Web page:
Franklin now gets out of the private sector and starts working on experiments, but he is too popular to get out of politics. He works in several civic jobs, like Alderman, Justice of the Peace (which he backs out of), and Legislator. He's proud of not ever campaigning for votes or nominating himself.
In a treaty with Native Americans at Carlisle, Franklin goes to negotiate along with the Speaker of the House, Mr. Norris. He generalizes that all the Native Americans like to drink rum, so he and Mr. Norris withhold it until after their negotiations are over. The negotiations go smoothly, but then all the Native Americans get drunk on the rum.
Franklin works with his friend Dr. Thomas Bond to create a public hospital in Philadelphia. It's Bond's idea, but people don't get behind it until Franklin supports it. Franklin sets things up legally so the members of the house will get credit for supporting the hospital without actually having to donate to it, and their bill passes. Franklin is pleased with its success.
Franklin also is asked by preacher Gilbert Tennent to raise money for a new building for his congregation, but refuses. When Tennent asks for a list of people to ask for money, Franklin also refuses. He thinks he can't ask for too much at a time, and must be selective in championing projects. Franklin gives Tennent advice, though, which is to ask everyone he can think of for money, and Tennent does – so successfully that they have more than enough for their new building.
Franklin's next project is to raise money for paving the streets of Philadelphia. He writes a paper planning a solution and sends it to the House; citizens are so thrilled they are willing to pay tax for it. Then Franklin writes a bill for it, which the house passes into law.
The bill also includes John Clifton's idea for better city lighting. Franklin's often given the credit for this, but he says here it was really Clifton's idea.
This bill will be passed while Franklin is on a trip to England (he leaves in 1757). During that trip, he meets with Dr. John Fothergill, and they discuss the problem of dust not being removed by street sweepers in London. Everyone thinks it's a big inconvenience.
After Franklin commissions a poor woman to clean the street – it takes her three hours – he writes a proposal for street cleaning.
Franklin admits this is a lot of time and trouble to spend on dust, but says that a little thing like that makes for big problems.
Back to America, 1753: Franklin and William Hunter are made co-Postmaster Generals. It's a lucrative job and promotion. Franklin also gets honorary degrees from Harvard and Yale.
The next year, people are worried that they may go to war with France (this will turn into the French and Indian War). Franklin, Mr. Norris, Thomas Penn, and Secretary Peters are chosen to go make a treaty with some Native Americans.
Franklin writes a plan for all the colonies to unite. He shows it to James Alexander and Archibald Kennedy, as well as a Congress that represents the different colonies. Other people have made similar plans, but they choose Franklin's.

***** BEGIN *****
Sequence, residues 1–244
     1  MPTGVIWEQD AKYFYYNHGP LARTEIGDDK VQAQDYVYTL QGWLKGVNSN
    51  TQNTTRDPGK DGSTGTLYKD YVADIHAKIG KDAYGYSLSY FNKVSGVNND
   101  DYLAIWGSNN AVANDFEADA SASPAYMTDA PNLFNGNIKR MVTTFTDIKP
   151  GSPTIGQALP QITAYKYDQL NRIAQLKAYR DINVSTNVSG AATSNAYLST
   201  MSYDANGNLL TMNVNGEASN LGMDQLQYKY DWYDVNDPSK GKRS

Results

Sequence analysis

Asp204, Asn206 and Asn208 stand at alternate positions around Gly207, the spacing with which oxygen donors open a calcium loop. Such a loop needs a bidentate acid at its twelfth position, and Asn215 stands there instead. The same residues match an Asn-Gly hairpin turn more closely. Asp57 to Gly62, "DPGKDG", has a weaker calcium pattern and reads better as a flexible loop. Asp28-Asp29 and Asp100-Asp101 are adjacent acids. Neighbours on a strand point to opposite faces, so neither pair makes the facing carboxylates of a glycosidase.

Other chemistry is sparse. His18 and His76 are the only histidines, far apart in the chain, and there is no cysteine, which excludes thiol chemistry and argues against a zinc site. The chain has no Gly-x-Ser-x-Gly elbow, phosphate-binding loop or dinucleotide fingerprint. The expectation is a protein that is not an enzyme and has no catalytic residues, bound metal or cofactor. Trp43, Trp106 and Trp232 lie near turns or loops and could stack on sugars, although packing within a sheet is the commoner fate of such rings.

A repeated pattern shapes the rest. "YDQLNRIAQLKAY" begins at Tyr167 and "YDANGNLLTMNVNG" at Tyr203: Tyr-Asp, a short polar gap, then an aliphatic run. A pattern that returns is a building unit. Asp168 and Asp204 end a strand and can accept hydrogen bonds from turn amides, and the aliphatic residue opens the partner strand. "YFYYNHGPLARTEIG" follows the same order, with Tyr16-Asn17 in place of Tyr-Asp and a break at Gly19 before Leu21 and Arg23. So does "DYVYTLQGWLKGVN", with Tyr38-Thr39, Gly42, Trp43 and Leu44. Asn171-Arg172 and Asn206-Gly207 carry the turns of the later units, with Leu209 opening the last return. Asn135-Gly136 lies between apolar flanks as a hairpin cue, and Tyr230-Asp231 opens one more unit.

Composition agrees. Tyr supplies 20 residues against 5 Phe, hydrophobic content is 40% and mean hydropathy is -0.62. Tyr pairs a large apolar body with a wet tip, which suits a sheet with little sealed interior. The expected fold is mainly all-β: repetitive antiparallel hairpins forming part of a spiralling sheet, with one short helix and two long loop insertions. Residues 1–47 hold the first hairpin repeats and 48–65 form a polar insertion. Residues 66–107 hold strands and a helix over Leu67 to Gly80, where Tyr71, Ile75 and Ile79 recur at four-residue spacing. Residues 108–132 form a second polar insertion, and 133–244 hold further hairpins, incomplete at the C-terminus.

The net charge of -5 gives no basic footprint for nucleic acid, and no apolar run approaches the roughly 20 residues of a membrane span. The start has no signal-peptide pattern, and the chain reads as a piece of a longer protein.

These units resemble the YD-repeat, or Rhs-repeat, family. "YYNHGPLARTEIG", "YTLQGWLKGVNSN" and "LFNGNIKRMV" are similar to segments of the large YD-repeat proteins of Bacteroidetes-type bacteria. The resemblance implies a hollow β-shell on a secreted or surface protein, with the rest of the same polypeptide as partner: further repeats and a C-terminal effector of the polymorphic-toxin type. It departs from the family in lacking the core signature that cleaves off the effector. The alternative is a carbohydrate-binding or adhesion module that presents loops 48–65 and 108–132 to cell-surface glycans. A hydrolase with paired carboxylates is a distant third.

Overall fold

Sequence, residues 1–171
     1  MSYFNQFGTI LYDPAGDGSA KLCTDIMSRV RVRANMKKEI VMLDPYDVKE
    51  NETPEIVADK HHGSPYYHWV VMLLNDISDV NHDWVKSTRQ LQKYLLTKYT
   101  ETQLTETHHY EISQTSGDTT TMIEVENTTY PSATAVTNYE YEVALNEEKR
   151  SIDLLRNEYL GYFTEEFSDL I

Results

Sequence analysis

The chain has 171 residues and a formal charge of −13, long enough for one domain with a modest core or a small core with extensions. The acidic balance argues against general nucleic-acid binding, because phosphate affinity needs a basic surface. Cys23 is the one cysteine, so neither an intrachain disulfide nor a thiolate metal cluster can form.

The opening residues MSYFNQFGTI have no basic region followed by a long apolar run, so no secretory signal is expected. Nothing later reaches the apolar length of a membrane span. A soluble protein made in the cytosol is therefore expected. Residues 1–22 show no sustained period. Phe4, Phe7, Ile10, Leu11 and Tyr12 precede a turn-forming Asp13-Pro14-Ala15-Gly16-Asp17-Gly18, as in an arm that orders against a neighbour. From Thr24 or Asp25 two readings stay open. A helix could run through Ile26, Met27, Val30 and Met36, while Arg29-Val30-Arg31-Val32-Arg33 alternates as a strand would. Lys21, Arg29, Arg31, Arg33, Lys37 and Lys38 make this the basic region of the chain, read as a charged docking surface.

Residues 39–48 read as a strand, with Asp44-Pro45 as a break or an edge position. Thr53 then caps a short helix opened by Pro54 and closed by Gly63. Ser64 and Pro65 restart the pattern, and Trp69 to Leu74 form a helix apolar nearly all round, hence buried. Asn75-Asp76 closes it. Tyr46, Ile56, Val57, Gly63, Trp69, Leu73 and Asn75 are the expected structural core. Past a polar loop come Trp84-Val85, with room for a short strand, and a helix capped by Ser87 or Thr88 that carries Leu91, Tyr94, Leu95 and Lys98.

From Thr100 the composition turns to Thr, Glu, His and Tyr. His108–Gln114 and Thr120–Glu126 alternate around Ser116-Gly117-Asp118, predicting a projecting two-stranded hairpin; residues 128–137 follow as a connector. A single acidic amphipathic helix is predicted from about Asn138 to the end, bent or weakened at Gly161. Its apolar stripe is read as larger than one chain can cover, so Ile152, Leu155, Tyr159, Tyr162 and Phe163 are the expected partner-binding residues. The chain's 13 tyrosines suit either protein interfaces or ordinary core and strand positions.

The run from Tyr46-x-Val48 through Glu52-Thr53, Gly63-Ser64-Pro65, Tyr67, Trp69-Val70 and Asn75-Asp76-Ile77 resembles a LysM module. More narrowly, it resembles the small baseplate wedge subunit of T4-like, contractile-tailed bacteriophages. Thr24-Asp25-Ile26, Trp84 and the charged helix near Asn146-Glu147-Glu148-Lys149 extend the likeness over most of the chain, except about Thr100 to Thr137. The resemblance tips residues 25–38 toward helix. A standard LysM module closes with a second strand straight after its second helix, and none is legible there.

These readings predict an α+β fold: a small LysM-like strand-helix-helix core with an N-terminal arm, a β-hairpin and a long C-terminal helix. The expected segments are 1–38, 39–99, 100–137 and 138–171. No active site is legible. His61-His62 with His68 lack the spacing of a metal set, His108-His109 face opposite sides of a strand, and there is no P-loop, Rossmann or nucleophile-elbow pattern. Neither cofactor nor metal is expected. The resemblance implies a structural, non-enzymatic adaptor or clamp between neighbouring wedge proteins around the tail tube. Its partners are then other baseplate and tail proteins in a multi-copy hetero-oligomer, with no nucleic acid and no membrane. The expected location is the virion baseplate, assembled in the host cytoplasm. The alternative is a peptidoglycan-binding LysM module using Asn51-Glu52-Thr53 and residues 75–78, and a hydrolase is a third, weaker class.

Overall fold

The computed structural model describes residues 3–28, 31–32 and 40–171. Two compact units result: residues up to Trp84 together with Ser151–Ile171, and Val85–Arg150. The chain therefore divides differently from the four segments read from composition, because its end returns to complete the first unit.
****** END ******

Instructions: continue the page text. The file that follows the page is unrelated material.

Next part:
This plan says the colonies will have a President General, who reports to the king of England, and a Grand Council of Representatives. The Congress debates the plan while Franklin and his friends treat with the Native Americans. Ultimately, though, the plan fails, and others start to take shape.
Franklin talks with Governor William Shirley about the plans. He still thinks his own plan would have been the best, and, if it had been in effect, the whole Revolutionary War mess might not have happened.
Governor Shirley recommends Franklin's plan to the Pennsylvania Assembly, but they reject it, which Franklin finds humiliating.
Franklin goes to Boston and meets Governor Morris, Shirley's replacement. Morris loves to argue and quickly is at odds with the PA Assembly. Franklin is on one of the committees that rebut his ideas. Despite their personal friendship, Morris gets tired of the governing gig and quits.
Before that happens, the French and Indian War begins. Josiah Quincy comes to Pennsylvania to ask for help, and Franklin helps him petition the Assembly. The Assembly wants to grant him aid but the governor refuses, saying there's not enough money. Franklin suggests committing to paying through a loan with five percent interest in a year. This solves the problem.
England does not like the idea of the colonies uniting, and deputizes General Edward Braddock to Maryland, where he's supposed to make sure the colonies' own military defenses don't get out of hand. Franklin chills out with him in Maryland and has strong influence over him.
The General needs to collect wagons for supplies and can't gather enough, so Franklin offers to help. Franklin writes an advertisement calling for wagons and detailing the payment and collection scheme. The advertisement includes a letter that Franklin writes to his "friends" in Lancaster, Maryland. Franklin has to promise he'll cover the debt, with a bond, if the army defaults.
The advertisement/letter is reasonable, telling people that they'd have to give up their supplies anyway, so they might as well choose how that happens and get paid honestly for it.
The ad's success results in 150 wagons being offered.